Each week, we’re asking different writers, artists and others to share some of their current favorites. This week we feature picks from Sepia Mutiny co-founder Abhi Tripathi.
1. Indian Boy from Haryana Selected to be NASA AstroNOT.
I troll the internet for interesting articles about space and the space programs of different nations. This is partly due to my work in the industry and partly because I’ve spent about half my life trying to get up there myself. I simply must point you all to this inspiring and deliciously detailed article in the reputable India Today, about a husky young man named Ashish Yadav from a small village in Haryana. He has defied IMPOSSIBLE odds by applying to NASA and being selected by them for the astronaut training program.
Now, before somebody signs the movie rights, let me point out a minor issue with the article. It can’t possibly be true since NASA doesn’t even take foreign applications. Other Indian news organizations have picked up and run with the story. This seems to be straight-up Onion territory being reported here as fact. Yadav better take advantage of this before all the websites realize they’ve been duped. He needs to be at a bar tonight and use the “this is my last night on Earth” pick-up line.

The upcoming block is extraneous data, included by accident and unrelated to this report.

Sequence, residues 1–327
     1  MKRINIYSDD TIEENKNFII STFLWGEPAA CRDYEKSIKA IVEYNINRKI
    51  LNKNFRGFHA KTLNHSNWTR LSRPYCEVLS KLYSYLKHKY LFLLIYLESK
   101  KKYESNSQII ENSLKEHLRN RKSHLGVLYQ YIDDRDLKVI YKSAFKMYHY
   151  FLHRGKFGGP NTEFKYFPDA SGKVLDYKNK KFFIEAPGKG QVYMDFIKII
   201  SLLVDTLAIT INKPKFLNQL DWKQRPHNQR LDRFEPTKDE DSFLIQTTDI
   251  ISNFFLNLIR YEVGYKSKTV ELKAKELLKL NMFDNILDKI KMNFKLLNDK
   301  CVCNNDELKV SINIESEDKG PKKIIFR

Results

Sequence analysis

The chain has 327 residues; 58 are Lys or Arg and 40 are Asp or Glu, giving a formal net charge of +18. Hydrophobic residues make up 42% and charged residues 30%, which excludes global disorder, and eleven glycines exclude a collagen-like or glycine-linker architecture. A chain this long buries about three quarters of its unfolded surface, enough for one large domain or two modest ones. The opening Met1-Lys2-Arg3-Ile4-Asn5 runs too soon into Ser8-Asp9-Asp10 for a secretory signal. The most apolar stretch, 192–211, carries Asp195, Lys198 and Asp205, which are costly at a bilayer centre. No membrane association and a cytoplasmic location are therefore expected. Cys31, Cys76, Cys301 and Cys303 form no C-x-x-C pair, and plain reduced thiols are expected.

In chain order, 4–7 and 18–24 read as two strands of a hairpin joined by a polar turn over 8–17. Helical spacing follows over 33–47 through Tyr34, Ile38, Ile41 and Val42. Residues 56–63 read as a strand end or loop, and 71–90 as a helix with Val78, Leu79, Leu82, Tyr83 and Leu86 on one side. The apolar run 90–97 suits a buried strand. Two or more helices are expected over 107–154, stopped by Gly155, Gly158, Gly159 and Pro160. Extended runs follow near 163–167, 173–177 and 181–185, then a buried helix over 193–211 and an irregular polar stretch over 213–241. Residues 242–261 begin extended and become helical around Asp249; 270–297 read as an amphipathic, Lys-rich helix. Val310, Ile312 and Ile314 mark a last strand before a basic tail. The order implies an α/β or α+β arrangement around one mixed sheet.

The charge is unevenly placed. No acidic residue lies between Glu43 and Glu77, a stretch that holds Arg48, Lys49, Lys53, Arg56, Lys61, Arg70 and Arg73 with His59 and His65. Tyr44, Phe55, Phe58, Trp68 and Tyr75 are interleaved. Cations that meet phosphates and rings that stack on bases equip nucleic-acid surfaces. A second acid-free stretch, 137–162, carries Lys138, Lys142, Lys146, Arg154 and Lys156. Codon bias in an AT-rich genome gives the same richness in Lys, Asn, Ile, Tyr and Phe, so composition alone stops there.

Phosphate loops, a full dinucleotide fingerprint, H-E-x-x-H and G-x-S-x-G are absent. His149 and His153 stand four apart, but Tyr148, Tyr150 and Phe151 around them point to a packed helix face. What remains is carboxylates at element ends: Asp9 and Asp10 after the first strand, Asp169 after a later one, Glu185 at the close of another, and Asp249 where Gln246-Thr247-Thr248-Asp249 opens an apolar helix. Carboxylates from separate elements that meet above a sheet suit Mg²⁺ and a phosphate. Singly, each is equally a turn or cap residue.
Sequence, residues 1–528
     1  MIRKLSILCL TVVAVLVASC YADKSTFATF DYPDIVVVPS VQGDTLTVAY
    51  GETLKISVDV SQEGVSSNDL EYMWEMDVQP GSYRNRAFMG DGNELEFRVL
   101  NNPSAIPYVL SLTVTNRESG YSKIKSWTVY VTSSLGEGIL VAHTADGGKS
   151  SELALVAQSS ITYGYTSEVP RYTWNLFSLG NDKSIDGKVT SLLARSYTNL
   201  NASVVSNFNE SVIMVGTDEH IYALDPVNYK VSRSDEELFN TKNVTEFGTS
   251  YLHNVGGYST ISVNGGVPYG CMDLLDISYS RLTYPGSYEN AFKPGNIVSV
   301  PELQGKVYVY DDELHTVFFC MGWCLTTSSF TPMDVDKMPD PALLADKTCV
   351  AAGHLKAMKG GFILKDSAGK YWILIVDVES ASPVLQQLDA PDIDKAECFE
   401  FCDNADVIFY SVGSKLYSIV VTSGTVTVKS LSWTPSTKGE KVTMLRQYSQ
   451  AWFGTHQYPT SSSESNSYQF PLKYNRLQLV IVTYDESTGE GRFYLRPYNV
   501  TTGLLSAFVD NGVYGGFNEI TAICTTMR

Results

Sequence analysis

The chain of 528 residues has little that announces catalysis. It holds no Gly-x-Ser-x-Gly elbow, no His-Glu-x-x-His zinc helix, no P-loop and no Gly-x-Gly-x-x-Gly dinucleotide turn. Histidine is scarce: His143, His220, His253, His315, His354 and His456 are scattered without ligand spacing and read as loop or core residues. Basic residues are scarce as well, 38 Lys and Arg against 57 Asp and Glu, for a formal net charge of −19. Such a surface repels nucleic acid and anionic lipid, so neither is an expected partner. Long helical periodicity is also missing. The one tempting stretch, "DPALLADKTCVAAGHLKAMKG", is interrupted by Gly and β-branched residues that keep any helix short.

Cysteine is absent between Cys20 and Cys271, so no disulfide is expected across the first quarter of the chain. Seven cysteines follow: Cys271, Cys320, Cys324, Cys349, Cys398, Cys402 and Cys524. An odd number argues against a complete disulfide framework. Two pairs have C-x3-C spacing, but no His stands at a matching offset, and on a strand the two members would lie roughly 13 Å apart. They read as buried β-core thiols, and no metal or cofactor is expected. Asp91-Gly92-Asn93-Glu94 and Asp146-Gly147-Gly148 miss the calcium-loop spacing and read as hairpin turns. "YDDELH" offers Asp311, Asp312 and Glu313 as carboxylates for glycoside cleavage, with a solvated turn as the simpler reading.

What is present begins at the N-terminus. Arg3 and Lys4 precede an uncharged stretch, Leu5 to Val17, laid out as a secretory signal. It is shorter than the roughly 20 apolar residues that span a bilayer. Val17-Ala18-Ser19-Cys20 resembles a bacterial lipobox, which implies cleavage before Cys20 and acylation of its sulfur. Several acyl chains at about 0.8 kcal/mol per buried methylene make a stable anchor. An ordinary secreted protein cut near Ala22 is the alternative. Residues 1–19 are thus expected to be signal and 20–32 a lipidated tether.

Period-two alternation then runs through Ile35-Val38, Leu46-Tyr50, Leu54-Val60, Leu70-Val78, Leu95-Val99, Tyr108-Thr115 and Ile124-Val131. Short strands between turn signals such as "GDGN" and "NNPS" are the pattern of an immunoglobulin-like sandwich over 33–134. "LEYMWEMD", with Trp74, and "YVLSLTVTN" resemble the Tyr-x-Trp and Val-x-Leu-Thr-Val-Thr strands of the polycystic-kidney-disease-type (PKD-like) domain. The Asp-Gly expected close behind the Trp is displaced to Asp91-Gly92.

2. Before the Taj Mahal, There was Humayun
A new Youtube video gives a sneak peak of the amazing restoration effort that has taken place over the last six years at Humayun’s Tomb. This tomb, which was built in 1570, is reputed to be one of the inspirations for the iconic Taj Majal. The site, in New Delhi, has been restored via a private-public partnership between the Government of India and Aga Khan Trust. A sleeping architectural giant, which many consider to rival the Taj Majal in beauty, has been awoken for us.
I wish I could give you a review of the new Jhumpa Lahiri book, or wow you by opening your eyes to some hip new author without a fruit on their new novel’s cover. But my time these days is spent chasing around a one year old daughter who has brown/black hair, even though her mother’s and mine is jet black (with silver now). I stress about whether I will live up to my responsibility of instilling in her the brown roots which I believe are so vital. A huge smile crept across my face when her mom found Hot, Hot Roti for Dada-ji at our local public library, in a predominately African American neighborhood. Times have changed a lot, for the better. It isn’t Rushdie, but it doesn’t need to be.